Also a capital wine, which may well pass for Frontignac, is commonly made from the fresh berries, with raisins, sugar, and spices. When well brewed, and three years’ old, it constitutes English port. “A cup of mulled Elder wine, served with nutmeg and sippets of toast, just before going to bed on a cold wintry night, is a thing,” as Cobbet said, “to be run for.” The juice of Elder root, if taken in a dose of one or two tablespoonfuls when fasting, acts as a strong aperient, being “the most excellent purger of watery humours in the world, and very singular against dropsy, if taken once in the week.”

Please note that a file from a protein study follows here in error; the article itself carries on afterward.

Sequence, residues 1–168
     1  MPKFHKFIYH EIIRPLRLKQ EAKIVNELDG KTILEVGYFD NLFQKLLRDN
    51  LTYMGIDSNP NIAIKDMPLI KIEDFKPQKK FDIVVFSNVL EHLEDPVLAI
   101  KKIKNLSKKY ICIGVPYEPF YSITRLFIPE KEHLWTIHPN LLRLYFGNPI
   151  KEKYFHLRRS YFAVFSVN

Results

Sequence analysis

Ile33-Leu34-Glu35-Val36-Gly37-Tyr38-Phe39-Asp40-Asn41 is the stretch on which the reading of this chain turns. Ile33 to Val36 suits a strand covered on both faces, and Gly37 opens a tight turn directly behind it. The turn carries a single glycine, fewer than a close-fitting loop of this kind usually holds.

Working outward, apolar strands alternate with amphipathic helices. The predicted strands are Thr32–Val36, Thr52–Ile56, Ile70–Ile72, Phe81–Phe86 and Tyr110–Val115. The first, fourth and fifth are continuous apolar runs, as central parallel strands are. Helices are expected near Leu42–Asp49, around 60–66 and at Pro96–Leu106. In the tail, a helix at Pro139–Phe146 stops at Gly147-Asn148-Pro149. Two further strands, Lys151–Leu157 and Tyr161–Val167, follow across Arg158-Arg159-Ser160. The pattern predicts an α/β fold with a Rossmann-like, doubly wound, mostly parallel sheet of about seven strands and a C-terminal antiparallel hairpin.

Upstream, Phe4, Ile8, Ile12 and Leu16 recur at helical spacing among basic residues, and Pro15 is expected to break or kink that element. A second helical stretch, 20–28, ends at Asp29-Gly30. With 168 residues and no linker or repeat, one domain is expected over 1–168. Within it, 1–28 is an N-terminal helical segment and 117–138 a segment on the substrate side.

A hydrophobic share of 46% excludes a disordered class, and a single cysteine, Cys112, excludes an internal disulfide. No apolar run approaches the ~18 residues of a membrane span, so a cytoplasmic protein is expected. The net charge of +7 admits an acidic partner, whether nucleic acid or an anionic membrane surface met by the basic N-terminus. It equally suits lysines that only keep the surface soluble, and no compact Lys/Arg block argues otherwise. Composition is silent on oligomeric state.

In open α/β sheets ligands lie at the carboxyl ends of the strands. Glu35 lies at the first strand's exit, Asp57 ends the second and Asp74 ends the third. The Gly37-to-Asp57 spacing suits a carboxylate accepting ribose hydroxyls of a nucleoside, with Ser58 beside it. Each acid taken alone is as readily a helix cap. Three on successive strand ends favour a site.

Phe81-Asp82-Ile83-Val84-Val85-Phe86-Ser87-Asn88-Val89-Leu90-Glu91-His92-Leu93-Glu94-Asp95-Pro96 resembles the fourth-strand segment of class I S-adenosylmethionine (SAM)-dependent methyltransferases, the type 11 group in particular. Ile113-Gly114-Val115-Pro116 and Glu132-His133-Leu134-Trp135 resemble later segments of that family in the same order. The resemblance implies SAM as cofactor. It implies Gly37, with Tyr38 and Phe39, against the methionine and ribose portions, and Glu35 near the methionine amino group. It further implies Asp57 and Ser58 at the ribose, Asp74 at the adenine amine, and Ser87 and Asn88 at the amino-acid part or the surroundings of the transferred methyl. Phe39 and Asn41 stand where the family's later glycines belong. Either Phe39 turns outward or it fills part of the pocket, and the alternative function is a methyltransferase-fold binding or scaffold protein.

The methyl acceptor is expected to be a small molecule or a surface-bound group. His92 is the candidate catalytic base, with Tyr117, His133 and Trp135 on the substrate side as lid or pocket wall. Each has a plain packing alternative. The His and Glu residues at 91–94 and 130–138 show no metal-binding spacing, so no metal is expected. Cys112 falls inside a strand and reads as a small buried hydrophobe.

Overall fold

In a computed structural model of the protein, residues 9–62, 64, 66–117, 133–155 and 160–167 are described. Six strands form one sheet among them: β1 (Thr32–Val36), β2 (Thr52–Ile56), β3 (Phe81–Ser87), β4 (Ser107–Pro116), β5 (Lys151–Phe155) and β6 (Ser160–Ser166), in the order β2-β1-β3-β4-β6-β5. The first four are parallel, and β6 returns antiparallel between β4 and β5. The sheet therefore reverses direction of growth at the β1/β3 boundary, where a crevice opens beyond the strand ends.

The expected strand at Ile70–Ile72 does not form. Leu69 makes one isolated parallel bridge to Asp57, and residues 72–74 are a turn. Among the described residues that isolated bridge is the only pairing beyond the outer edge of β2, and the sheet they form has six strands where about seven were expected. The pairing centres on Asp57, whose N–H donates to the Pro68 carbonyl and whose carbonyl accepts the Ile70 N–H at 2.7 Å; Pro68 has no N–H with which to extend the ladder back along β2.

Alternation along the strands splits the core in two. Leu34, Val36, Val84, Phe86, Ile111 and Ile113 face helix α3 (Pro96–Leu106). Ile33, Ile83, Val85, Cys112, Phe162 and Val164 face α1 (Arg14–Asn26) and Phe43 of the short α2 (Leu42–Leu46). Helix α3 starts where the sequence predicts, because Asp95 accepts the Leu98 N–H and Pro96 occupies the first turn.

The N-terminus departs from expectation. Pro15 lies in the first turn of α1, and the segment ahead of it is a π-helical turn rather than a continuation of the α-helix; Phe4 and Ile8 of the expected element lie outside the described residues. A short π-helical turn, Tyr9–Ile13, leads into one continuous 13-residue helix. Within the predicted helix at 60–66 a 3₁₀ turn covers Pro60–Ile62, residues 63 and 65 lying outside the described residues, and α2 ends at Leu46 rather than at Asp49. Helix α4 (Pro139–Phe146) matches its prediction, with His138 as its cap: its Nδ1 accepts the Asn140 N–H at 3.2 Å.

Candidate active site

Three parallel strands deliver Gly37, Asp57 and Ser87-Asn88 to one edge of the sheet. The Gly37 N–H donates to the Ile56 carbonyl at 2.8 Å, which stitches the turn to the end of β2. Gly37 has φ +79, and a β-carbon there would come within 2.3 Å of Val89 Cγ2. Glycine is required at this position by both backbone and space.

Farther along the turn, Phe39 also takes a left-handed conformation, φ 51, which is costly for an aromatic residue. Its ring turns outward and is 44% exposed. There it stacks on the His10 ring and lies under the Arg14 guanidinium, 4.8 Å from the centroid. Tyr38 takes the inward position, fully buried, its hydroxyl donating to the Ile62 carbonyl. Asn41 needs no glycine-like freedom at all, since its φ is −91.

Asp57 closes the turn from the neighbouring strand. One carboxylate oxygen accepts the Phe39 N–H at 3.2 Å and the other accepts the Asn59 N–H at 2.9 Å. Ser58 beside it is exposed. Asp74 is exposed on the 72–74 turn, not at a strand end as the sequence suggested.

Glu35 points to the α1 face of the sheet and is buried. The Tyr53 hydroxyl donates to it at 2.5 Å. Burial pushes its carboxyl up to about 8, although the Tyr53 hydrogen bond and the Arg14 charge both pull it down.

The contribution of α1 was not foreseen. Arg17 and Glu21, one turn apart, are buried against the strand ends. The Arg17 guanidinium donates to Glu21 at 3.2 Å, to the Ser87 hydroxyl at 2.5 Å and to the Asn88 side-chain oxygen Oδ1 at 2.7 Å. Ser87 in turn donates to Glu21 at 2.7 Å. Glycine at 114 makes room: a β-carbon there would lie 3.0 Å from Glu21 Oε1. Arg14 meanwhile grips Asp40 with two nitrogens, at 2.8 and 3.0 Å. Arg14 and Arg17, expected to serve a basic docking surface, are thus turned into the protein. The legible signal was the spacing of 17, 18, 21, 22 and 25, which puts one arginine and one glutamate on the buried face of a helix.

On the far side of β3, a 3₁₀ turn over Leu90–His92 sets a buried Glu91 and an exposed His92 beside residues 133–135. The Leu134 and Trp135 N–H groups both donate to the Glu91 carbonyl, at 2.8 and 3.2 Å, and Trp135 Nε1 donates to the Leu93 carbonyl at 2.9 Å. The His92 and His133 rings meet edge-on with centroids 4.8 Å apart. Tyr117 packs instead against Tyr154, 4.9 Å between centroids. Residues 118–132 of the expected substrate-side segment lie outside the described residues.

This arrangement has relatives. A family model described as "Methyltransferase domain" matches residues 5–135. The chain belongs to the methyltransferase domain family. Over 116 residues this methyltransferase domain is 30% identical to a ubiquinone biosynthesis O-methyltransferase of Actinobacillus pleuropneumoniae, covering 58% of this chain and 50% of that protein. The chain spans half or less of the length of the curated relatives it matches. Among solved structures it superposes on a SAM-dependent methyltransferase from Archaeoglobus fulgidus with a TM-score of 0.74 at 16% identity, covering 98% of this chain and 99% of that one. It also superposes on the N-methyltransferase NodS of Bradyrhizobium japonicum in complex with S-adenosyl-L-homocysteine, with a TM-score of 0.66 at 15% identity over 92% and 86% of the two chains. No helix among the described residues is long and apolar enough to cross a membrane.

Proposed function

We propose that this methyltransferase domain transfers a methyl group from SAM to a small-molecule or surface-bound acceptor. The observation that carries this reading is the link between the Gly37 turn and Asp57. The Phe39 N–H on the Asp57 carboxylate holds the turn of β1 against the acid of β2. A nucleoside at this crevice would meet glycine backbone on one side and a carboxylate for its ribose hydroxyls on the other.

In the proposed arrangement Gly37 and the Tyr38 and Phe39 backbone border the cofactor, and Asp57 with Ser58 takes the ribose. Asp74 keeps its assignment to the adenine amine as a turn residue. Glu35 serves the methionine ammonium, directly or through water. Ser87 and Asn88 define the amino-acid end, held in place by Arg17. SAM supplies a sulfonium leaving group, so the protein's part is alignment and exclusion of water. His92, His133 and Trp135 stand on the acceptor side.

John Evelyn, in his Sylva (1729), said of the Elder: “If the medicinal properties of its leaves, bark, and berries, were fully known, I cannot tell what our countrymen could ail, for which he might not fetch a remedy from every hedge, either for sickness or wounds.” “The buds boiled in water gruel have effected wonders in a fever,” “and an extract composed of the berries greatly assists longevity. Indeed,” — so famous is the story of Neander — “this is a catholicum against all infirmities whatever.” “The leaves, though somewhat rank of smell, are otherwise, as indeed is the entire shrub, of a very sovereign virtue. The springbuds are excellently wholesome in pottage; and small ale, in which Elder flowers have been infused, are esteemed by many so salubrious, that this is to be had in most of the eating houses about our town.”